Spain to lift outdoor face mask rule on June 26th

Spanish Prime Minister Pedro Sánchez confirmed on Friday that from Saturday June 26th wearing a face mask in outdoor public spaces will no longer be a requirement. 

face masks spain
Photo: Pau BARRENA / AFP

It’s been in the pipeline for over a month now but now there’s finally an end date.

“This will be the last weekend we wear masks outdoors as from June 26th we won’t have to wear masks in outdoor public spaces anymore,” Spanish PM Pedro Sánchez announced on Friday morning during a speech held in Barcelona, indicating that the matter would be voted through by the cabinet on Thursday. 

“Our streets, our faces, will start to regain their normal appearance in the coming days,” Sánchez capped off rather poetically.

The Socialist leader had said earlier during this week that the outdoor face mask rule would “soon” end, but there were many who doubted Sánchez’s words as the country’s chief epidemiologist Fernando Simón said in mid-May this would happen “within a matter of very few days”.

It remains to be seen how the autonomous communities will react to the news, as some regional authorities such as Madrid’s have ruled out the possibility of easing face mask rules for the foreseeable future.

On Thursday June 17th, the government of the northern region of Cantabria also said it would listen to the experts but preferred to “not take any risks”. The disparity in opinions between regional authorities means some may be willing to appeal the cabinet’s decision next week in a bid to keep the outdoor face mask rule.

The news comes just days after France and Germany announced they were also easing their face mask rules. 

Face masks have been compulsory in public in Spain since May 21st 2020.

In March 2021, the Spanish government tightened the rules to require people to wear masks in almost all indoor and outdoor settings even if people kept to the safety distance, unless the activity is incompatible with mask wearing ie. eating, drinking, sunbathing, running etc

The backlash it caused after locals and tourists realised this would mean they would have to wear a mask while sunbathing or at the pool led Spanish authorities to tweak the legislation to allow some exceptions

Back in April, the EU called for mask wearing among vaccinated people to be reconsidered in Member States.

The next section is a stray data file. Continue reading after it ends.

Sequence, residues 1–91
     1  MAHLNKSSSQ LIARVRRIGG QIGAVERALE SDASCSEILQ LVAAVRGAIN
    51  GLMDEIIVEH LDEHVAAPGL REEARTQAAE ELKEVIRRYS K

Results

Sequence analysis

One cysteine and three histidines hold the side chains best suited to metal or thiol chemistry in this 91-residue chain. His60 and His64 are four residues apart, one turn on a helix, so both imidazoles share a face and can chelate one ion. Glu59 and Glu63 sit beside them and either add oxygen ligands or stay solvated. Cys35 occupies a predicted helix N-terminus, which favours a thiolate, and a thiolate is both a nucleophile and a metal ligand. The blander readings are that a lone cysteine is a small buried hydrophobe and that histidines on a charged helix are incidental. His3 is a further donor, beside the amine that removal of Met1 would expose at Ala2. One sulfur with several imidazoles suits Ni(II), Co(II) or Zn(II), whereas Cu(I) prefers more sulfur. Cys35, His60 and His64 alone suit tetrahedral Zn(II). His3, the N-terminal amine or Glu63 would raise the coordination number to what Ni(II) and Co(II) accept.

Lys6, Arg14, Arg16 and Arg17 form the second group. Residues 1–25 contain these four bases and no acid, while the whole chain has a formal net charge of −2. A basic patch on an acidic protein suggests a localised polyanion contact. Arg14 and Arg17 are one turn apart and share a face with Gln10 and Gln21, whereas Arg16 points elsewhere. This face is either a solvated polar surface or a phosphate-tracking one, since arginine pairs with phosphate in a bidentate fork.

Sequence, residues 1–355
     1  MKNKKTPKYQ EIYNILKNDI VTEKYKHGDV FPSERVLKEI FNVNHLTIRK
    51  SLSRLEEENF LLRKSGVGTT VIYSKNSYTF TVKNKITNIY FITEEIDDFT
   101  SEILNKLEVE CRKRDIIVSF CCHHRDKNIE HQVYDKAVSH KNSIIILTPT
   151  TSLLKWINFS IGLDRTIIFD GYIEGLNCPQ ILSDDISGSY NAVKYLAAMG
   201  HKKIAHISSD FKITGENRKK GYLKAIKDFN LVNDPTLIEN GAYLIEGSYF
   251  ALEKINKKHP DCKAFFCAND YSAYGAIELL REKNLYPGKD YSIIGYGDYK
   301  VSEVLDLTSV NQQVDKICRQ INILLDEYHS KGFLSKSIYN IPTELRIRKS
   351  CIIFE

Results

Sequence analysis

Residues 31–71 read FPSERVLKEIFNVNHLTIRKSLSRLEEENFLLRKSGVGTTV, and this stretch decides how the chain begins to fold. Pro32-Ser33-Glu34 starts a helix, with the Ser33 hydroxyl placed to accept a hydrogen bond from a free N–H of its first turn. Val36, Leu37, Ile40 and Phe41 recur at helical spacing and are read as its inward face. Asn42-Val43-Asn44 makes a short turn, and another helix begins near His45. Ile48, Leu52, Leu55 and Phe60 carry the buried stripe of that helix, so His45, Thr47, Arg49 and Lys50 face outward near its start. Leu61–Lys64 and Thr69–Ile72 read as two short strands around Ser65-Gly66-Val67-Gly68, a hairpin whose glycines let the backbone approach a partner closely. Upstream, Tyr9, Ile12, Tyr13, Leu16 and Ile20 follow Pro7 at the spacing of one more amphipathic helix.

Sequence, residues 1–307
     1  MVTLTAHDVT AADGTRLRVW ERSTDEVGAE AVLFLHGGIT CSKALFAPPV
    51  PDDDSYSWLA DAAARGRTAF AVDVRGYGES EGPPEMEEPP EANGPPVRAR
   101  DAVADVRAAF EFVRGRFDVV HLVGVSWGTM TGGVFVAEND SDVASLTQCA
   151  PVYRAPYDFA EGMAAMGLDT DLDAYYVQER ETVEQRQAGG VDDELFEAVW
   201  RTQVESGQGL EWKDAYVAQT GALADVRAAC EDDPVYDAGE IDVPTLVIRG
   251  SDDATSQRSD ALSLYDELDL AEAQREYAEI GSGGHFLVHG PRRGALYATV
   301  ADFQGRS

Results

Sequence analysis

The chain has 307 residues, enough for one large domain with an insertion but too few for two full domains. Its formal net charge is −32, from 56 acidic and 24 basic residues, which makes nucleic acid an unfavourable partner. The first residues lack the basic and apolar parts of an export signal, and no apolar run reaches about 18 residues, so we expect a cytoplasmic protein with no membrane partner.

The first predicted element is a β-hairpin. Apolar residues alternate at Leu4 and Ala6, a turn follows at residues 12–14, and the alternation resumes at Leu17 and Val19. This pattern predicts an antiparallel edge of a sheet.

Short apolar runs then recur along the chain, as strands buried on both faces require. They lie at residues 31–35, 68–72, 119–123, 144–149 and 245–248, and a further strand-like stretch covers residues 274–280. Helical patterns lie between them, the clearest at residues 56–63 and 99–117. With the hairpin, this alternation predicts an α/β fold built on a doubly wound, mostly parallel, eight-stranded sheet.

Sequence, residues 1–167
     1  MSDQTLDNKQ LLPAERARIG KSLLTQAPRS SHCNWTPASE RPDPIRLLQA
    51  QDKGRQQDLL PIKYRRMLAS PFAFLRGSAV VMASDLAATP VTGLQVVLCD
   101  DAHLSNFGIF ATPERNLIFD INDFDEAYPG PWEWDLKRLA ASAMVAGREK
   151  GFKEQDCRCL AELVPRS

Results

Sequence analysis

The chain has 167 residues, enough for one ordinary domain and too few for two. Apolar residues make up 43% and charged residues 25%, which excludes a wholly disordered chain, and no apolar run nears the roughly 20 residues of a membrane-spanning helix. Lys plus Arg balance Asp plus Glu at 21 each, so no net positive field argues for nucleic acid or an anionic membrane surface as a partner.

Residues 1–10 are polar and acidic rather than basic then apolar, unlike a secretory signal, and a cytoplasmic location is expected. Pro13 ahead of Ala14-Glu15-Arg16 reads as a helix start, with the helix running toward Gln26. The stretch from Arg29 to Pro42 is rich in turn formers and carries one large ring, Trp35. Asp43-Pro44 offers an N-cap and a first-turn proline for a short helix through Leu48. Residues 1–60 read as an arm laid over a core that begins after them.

Spain’s national Health Ministry had said that in order for people to go mask-free outdoors, at least 50 percent immunity among its population must have first been achieved.

As things stand on Friday June 18th, 47 percent of Spain’s population have received at least one dose of the Covid-19 vaccine. The country’s current Covid-19 infection rate is also the lowest since August 2020

For indoor mask legislation to be reconsidered, Spanish authorities have said that the 70 percent immunity target has to be met first, which according to Sánchez will occur in late August.

To read all the latest coronavirus news from Spain, click here for The Local Spain’s Covid-19 section

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Spain rules out EU’s advice on compulsory Covid-19 vaccination 

Spain’s Health Ministry said Thursday there will be no mandatory vaccination in the country following the European Commission’s advice to Member States to “think about it” and Germany’s announcement that it will make vaccines compulsory in February.

Spain rules out EU's advice on compulsory Covid-19 vaccination 
A Spanish man being vaccinated poses with a custom-made T-shirt showing Spain's chief epidimiologist Fernando Simón striking a 'Dirty Harry/Clint Eastwood' pose over the words "What part of keep a two-metre distance don't you understand?' Photo: José Jordan

Spain’s Health Minister Carolina Darias on Thursday told journalists Covid-19 vaccines will continue to be voluntary in Spain given the “very high awareness of the population” with regard to the benefits of vaccination.